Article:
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Compromises characterize the Maritime border deal between Lebanon and Israel

Karish field to be for Israel and Qana field for Lebanon, with minor financial compensation to Israel.

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Lebanon and Israel participated in indirect maritime border discussions for two years, with the United Nations and the United States sponsoring and mediating the talks.

On Tuesday, Beirut and Tel Aviv agreed on the final form of the contract by American mediator Amos Hochstein.

Prime Minister of Israel, Yair Lapid declared a “historic agreement” with Lebanon on their maritime boundary issue.

Earlier Tuesday, Lebanon expressed satisfaction with a United States draft  on maritime boundary delineation with Israel, adding that it protects the country’s “rights to its natural resources.”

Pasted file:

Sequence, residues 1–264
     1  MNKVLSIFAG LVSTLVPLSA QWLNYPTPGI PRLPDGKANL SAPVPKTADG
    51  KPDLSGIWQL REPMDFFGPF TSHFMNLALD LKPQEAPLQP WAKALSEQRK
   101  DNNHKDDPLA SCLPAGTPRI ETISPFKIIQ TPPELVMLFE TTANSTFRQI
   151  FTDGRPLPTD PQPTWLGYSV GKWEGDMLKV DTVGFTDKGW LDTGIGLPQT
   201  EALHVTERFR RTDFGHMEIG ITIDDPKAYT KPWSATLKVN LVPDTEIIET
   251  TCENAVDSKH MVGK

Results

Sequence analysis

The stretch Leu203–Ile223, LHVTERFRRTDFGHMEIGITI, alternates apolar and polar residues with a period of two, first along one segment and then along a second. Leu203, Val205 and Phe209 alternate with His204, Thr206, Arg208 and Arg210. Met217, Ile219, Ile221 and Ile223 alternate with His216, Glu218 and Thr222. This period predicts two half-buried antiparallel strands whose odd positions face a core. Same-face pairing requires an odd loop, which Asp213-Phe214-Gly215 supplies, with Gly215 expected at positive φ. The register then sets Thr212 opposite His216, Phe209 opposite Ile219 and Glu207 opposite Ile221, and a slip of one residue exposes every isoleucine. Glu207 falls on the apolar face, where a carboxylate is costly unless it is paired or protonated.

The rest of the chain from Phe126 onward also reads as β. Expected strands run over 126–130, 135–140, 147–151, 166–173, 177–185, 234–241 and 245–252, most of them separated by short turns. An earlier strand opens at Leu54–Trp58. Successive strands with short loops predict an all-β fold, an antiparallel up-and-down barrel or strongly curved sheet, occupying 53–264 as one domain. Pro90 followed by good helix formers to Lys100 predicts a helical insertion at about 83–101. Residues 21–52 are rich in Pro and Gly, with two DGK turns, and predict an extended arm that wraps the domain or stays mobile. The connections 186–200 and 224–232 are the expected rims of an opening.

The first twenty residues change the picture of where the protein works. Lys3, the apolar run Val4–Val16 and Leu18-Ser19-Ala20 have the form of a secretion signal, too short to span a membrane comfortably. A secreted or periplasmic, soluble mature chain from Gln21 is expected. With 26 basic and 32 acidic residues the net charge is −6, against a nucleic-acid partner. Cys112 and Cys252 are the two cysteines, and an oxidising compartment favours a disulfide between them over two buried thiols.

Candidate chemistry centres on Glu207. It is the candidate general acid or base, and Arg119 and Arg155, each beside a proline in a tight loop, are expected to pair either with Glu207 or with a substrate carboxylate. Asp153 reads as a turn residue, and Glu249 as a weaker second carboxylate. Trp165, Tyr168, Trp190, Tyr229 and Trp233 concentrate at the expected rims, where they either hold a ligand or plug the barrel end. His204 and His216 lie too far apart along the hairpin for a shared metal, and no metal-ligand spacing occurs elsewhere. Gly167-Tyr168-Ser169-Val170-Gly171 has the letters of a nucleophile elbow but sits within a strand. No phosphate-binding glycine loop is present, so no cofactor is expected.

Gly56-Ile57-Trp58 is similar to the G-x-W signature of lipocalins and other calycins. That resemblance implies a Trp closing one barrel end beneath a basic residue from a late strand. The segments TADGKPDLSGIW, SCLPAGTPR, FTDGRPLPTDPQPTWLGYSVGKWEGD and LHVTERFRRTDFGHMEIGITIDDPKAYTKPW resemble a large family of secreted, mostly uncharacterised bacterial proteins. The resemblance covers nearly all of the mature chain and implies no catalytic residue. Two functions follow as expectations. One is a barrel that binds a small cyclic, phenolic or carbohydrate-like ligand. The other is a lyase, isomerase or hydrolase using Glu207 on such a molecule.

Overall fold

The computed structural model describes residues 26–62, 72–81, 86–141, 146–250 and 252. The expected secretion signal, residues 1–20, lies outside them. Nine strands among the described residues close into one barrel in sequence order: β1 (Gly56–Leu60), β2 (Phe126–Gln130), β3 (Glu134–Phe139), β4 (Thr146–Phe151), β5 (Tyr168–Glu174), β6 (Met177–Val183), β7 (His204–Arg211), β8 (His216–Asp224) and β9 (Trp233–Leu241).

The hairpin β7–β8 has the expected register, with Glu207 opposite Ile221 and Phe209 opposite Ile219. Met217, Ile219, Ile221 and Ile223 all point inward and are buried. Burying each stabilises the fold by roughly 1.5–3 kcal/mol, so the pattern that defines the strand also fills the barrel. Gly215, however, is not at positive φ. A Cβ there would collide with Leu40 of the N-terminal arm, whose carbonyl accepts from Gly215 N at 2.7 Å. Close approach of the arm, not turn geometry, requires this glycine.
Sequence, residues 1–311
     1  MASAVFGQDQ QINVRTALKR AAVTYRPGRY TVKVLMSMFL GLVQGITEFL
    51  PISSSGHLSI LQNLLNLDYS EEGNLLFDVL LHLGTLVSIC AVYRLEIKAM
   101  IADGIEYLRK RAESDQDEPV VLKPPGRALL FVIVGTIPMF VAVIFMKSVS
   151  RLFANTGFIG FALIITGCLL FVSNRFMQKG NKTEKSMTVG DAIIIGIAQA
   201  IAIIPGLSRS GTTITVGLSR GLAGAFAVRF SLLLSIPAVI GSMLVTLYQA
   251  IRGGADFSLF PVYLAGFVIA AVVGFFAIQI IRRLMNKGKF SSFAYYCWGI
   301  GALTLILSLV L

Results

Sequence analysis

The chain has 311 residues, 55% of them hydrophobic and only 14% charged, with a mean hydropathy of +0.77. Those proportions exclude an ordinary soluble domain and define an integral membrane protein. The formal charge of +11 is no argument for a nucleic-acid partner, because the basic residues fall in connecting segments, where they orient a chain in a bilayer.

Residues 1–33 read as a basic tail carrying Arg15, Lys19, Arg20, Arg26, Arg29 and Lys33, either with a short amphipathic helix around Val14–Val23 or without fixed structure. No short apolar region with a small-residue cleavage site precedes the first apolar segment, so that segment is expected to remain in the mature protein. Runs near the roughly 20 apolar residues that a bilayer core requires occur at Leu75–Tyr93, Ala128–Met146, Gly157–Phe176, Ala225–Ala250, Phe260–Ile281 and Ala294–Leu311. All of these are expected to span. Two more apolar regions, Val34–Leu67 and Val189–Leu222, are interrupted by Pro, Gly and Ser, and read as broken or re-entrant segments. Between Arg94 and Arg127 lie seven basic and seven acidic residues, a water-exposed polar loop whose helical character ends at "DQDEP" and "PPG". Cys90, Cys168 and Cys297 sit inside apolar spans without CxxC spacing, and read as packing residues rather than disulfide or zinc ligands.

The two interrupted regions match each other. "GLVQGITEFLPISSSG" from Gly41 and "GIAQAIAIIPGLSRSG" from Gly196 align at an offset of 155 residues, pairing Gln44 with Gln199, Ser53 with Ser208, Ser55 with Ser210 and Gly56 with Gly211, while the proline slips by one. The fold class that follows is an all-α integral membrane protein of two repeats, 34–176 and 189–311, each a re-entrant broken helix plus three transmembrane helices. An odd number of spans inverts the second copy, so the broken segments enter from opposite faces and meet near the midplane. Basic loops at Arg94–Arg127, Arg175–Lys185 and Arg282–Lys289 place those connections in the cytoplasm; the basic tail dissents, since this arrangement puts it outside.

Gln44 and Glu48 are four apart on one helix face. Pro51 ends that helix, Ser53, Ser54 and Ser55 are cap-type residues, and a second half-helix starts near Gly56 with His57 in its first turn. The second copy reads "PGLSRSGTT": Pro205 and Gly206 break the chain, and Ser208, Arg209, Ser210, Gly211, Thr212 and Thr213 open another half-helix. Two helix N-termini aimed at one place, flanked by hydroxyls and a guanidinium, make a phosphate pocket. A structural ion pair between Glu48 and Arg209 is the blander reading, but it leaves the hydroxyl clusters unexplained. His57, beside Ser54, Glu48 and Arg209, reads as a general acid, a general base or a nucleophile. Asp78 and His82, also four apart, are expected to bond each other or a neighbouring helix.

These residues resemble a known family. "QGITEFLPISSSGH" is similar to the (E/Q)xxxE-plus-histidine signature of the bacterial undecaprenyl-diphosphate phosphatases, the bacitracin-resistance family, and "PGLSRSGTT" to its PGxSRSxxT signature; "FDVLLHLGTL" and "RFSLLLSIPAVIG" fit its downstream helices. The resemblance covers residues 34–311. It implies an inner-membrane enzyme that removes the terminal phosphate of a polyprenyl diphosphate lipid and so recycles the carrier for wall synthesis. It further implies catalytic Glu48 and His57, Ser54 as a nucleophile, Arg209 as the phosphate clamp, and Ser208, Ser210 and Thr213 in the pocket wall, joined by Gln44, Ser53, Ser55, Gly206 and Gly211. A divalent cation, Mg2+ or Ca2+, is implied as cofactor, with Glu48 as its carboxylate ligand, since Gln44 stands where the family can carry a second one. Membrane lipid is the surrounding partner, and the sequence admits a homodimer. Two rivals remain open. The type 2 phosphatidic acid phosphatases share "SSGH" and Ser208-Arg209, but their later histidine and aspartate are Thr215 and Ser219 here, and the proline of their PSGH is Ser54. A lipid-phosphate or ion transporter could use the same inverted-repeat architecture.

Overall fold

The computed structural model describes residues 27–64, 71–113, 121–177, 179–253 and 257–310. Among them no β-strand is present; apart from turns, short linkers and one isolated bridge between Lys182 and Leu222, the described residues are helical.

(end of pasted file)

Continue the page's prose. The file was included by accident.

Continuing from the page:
According to reputable Lebanese sources, the following are some of the stipulations of the agreement:

The official marine route between Lebanon and Israel will be Line 23.

Lebanon will maintain all its rights to the Qana gas field, including the portion south of Line 23 in Israeli economic territory.

In exchange for this concession, Israel will get financial compensation from the French Company  TotalEnergies for extracting natural gas from the Qana field.

Israel will purchase the Karish gas field in its entirety, including exploration and drilling rights south of Line 23 inside its economic zone.

The removal from the final text of the agreement of the part about the “buoy line” that Israel had wanted as the starting point for demarcating the maritime boundaries and which it used to block fishermen from crossing.

This problem will be resolved when the file on the land boundaries between Lebanon and Israel is opened; a step considered a triumph for Lebanon in separating the marine and land demarcations.

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